• the chemical is known to exhibit significant toxicity or be potentially harmful to human health following repeated exposure, as described in chapter 3.9 of the GHS, with the chemical classified as specific target organ toxicity – repeated exposure (category 1 or 2), or 
  • an in vivo study on the chemical: 
    • conducted following an acceptable test guideline for subacute oral toxicity results in significant toxic effects of relevance to human health, as discussed in chapter 3.9 of the GHS, and a NOAEL (oral) value of less than 300 mg/kg bw/day, or 
    • conducted following an acceptable test guideline for subchronic oral toxicity results in significant toxic effects of relevance to human health, as discussed in chapter 3.9 of the GHS, and a NOAEL (oral) of less than 100 mg/kg bw/day, or 
    • conducted following an acceptable test guideline for subacute dermal toxicity results in significant toxic effects of relevance to human health, as discussed in chapter 3.9 of the GHS, and a NOAEL (dermal) value of less than 600 mg/kg bw/day, or
    • conducted following an acceptable test guideline for subchronic dermal toxicity results in significant toxic effects of relevance to human health, as discussed in chapter 3.9 of the GHS, and a NOAEL (dermal) of less than 200 mg/kg bw/day, or 
    • conducted following an acceptable test guideline for subacute inhalation toxicity results in significant toxic effects of relevance to human health, as discussed in chapter 3.9 of the GHS, and a NOAEC (inhalation) of: 
      • for gases - less than 750 ppmV/6 h/day, or
      • for vapours - less than 3 mg/L/6 h/day, or 
      • for dusts/mists/fumes less than 0.6 mg/L/6 h/day, or 
    • conducted following an acceptable test guideline for subchronic inhalation toxicity results in significant toxic effects of relevance to human health, as discussed in chapter 3.9 of the GHS, and a NOAEC (inhalation) of: 
      • for gases - less than 250 ppmV/6 h/day, or 
      • for vapours - less than 1 mg/L/6 h/day, or
      • for dusts/mists/fumes less than 0.2 mg/L/6 h/day.

Information required to demonstrate the absence of the hazard characteristic, specific target organ toxicity after repeated exposure  

Information is required to demonstrate the absence of the hazard characteristic, specific target organ toxicity after repeated exposure, if: 

  • the human health exposure band for the introduction is 4, and 
  • you are seeking to demonstrate that the introduction meets the criteria for low risk or very low risk 

and any of the following apply: 

  1. the human health categorisation volume for the introduction is greater than 100 kg and the chemical is introduced for end use in any of the following types of articles:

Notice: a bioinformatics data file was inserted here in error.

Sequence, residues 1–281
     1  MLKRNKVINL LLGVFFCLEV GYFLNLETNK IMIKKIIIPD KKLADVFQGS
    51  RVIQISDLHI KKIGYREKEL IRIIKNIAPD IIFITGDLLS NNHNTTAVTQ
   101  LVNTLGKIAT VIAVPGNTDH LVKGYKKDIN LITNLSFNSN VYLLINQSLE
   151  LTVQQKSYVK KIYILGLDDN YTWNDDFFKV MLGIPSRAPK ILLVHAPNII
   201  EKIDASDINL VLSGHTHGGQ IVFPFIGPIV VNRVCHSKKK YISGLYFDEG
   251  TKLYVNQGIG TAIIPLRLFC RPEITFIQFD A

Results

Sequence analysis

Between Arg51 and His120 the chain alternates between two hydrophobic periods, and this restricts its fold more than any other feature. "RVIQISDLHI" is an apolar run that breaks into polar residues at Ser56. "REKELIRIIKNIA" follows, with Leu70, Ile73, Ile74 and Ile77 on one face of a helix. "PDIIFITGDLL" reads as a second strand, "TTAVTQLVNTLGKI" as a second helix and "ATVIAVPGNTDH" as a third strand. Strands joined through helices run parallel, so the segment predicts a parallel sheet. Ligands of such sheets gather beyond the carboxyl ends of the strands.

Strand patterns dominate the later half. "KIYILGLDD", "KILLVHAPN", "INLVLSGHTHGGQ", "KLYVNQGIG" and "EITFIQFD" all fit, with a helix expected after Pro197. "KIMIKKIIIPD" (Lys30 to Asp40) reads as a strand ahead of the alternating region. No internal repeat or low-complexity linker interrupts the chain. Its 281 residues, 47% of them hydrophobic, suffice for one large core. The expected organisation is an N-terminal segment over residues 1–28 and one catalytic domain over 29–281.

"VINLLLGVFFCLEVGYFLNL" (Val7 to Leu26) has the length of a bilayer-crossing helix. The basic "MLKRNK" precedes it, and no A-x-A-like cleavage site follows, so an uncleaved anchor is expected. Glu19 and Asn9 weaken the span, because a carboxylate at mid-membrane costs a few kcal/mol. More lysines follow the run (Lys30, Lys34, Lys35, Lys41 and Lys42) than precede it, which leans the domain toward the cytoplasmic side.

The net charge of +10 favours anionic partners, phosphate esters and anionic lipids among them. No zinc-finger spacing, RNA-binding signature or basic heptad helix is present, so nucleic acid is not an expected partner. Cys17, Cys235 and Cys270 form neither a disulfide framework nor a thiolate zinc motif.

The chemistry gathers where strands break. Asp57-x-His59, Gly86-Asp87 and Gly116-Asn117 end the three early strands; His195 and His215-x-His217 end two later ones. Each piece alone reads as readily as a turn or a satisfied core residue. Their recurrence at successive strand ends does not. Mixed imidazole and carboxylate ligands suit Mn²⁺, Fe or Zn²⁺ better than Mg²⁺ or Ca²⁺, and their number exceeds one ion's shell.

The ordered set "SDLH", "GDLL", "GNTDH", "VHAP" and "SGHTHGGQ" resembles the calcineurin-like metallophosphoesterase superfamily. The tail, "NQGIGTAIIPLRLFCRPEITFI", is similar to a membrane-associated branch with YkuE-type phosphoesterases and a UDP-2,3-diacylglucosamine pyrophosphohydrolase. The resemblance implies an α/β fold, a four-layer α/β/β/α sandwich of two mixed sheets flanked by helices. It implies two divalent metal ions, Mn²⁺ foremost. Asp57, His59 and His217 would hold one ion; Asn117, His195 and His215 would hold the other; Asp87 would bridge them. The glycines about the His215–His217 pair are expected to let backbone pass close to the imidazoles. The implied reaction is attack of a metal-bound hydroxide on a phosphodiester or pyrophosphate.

• food contact, or
    • children’s toys that can be placed in the mouth, or 
    • children’s care products that can be placed in the mouth, or 
  2. the human health categorisation volume for the introduction is greater than 1000 kg and the chemical is not introduced for end use in any of the following types of articles: 
    • food contact, or 
    • children’s toys that can be placed in the mouth, or 
    • children’s care products that can be placed in the mouth, or

3.    the chemical is for end use in a personal vaporiser.

If 1 or 2 apply, the information required to demonstrate that a chemical does not have the hazard characteristic, specific target organ toxicity after repeated exposure, is at least one of the following: 

  • inclusion of the chemical in the Select Committee on GRAS Substances (SCOGS) Database as a Type 1 conclusion, as long as the human health exposure expected from the industrial use of the chemical is no higher than the human health exposure expected from food use, or 
  • the chemical has been notified to the US FDA GRAS notification program and FDA had no questions about the notifier’s conclusion of GRAS status, as long as the human health exposure expected from the industrial use of the chemical is no higher than the human health exposure expected from food use, or 
  • the chemical is permitted to be used as a food additive according to Schedule 15 of the Australia New Zealand Food Standards Code - Standard 1.3.1 - Food Additives, as long as the human health exposure expected from the industrial use of the chemical is no higher than the human health exposure expected from food use, or 
  • information that demonstrates that the chemical is a substance covered by Entry 9 of Annex V of the REACH Regulation, or 
  • information that demonstrates that the chemical is a high molecular weight polymer that does not have the hazard characteristic, skin corrosion, or 
  • a test result from at least one in vivo study on the chemical or from suitable read across information, as detailed below, with the administration route dependent on the most relevant route of exposure (or the oral route if information on the most relevant route is not available):